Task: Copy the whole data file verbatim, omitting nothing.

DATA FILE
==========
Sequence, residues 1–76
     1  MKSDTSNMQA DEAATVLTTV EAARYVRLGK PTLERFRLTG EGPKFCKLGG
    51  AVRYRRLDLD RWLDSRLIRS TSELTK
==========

Sequence, residues 1–76
     1  MKSDTSNMQA DEAATVLTTV EAARYVRLGK PTLERFRLTG EGPKFCKLGG
    51  AVRYRRLDLD RWLDSRLIRS TSELTK